The stories that we have in scripture that talk about the power of God to take care of God’s people.  After Joseph was sold by his brothers into slavery in Egypt because they hated him, he went down there and obtained the favor of the pharaoh, who put him in charge of keeping the stores of the country.  There came seven years of feast and seven years of famine and Joseph during the years of plenty put a lot of it aside to wait for the years of famine.  In the meantime, his brothers and his father stayed back in Israel doing without. In the Old Testament lesson today, we hear that a new pharaoh has come into power in Egypt, a man who as it says; knew not Joseph.  This new leader hated and oppressed the Israelites who had come into Egypt and made them to be slaves.  This was the beginning of the time of oppression in Egypt that was so notable in the history of the Hebrew people.  In the lesson today, there is hope created. 

            The Hebrew women were having children and the Egyptians were trying to get rid of them to continue the hatred.  One Levite woman had a child whom she put in a basket and hid in the reeds of the river.  Pharaoh’s daughter found the basket and took the child for her own.  She named him Moses because she found him in the water.  So, begins the story of Moses who would later so wonderfully liberate the Hebrew people from their slavery in Egypt that grew out of pure hatred.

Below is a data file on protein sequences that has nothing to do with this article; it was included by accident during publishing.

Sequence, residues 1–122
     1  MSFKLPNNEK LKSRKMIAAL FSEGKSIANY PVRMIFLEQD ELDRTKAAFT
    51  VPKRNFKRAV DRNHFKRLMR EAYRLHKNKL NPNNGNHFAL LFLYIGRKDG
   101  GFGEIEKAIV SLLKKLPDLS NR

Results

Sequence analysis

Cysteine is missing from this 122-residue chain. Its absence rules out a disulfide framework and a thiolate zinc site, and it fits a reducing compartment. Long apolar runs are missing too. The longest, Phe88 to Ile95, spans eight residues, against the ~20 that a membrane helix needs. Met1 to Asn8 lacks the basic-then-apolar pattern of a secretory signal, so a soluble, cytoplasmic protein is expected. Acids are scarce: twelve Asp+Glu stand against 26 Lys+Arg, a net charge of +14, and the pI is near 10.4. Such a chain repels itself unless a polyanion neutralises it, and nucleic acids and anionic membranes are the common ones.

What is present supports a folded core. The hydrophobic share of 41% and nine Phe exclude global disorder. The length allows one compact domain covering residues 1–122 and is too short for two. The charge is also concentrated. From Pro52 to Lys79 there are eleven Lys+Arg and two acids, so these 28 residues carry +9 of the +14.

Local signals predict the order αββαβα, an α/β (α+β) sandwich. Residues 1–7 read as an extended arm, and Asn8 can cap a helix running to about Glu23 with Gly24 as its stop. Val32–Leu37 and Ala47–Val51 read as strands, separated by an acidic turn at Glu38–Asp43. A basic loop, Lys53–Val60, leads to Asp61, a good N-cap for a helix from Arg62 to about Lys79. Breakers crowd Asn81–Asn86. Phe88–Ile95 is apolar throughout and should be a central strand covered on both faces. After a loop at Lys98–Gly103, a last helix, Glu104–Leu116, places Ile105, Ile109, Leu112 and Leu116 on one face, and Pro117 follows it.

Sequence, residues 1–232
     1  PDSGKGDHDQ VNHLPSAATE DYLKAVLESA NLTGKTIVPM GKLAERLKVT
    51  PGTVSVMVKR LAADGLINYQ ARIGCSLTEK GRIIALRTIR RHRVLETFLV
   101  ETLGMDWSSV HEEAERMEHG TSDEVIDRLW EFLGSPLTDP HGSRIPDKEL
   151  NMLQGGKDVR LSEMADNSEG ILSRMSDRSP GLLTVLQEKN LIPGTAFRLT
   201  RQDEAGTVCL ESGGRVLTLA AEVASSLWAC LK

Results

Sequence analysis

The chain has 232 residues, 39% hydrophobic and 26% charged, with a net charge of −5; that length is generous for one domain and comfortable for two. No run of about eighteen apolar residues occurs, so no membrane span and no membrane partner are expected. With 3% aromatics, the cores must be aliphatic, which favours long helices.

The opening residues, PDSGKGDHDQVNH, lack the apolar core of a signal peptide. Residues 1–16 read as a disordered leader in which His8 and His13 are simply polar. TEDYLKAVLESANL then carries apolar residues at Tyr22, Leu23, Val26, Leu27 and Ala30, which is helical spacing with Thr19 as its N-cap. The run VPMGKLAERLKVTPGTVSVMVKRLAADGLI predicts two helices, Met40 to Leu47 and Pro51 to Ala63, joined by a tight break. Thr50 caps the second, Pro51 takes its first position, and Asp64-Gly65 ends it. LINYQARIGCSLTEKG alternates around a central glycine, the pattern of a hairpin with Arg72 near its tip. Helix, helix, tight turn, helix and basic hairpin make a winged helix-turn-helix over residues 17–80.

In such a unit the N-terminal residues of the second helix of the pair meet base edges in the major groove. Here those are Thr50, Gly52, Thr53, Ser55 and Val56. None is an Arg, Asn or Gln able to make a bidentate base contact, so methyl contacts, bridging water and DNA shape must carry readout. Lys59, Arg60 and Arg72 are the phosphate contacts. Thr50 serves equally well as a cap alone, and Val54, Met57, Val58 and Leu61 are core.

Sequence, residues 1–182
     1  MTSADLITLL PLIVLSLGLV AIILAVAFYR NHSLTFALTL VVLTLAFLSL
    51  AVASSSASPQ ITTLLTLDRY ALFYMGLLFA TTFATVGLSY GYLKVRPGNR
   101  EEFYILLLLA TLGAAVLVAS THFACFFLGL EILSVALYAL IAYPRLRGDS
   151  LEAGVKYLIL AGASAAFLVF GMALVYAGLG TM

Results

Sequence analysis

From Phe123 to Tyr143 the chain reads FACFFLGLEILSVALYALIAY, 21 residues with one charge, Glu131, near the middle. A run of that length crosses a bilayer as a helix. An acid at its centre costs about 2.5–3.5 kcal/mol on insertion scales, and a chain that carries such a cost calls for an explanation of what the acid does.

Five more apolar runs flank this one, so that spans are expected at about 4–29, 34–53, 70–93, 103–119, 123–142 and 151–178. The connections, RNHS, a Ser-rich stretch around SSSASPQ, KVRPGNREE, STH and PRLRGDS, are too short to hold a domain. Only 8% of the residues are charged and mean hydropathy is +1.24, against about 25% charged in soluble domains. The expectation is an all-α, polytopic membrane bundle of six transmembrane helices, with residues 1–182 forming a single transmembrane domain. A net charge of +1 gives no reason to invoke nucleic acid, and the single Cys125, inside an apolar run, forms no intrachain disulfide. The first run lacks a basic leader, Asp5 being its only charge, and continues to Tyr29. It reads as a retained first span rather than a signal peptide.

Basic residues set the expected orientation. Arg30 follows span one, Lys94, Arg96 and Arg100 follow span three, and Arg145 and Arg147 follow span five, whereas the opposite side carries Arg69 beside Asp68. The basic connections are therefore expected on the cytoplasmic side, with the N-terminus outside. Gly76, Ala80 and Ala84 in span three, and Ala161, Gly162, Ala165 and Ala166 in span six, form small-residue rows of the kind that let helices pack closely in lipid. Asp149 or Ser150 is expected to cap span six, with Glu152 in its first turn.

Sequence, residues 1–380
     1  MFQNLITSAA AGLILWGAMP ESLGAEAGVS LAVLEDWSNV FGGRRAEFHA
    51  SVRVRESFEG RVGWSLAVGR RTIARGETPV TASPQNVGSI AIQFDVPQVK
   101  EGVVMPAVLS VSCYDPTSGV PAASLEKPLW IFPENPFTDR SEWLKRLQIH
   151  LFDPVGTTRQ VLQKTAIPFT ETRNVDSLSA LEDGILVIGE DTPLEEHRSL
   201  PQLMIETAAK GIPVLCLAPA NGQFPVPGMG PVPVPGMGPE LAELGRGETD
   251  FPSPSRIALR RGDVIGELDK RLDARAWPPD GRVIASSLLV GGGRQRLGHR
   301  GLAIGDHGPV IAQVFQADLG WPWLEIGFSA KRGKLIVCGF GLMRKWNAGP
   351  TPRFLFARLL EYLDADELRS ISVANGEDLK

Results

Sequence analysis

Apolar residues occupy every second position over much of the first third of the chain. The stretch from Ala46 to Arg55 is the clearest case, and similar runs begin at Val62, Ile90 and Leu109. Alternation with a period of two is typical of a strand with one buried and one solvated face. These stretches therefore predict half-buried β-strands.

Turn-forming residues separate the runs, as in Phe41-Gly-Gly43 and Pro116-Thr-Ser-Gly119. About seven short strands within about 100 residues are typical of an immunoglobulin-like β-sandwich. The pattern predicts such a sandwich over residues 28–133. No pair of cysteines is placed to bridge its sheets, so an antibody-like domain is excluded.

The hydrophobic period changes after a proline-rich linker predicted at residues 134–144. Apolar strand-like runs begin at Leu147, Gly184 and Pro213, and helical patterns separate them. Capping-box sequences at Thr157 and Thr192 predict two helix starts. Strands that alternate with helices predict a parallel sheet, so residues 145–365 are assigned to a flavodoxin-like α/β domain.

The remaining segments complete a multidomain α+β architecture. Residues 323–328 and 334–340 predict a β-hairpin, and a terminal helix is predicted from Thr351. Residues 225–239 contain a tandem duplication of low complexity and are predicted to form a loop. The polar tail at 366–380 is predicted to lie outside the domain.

In the Gospel, Jesus is talking to his disciples and he asks them who people say that he is.  His followers reply that some say that he is John the Baptist, others say Elijah, Jeremiah or one of the prophets.  Jesus asks them, but who do you say that I am?  Peter says, you are the Messiah, the son of the living God.  Jesus blesses Peter for this statement and tells him that flesh and blood didn’t reveal this to him, but God in Heaven.  He goes on to say that you are Peter, and on this rock I will build my church, and the gates of Hades will not prevail against it. Here again is God coming into the world with all of the power of Heaven to take care of the people who have been created and to do something about all of the hatred that exists. 

            This is the work that you and I have before us as members of the Church that was created by our Lord.  We are the means to counter hatred by our love for each other and the love that we can offer to our society.  Love can indeed conquer hatred.  People who hate are isolated and alone.  Those who love have companions and resource.  That is the lesson that we are here to teach the world.  God blesses us in this work.

Monday, August 21, 2017

Being a White Minority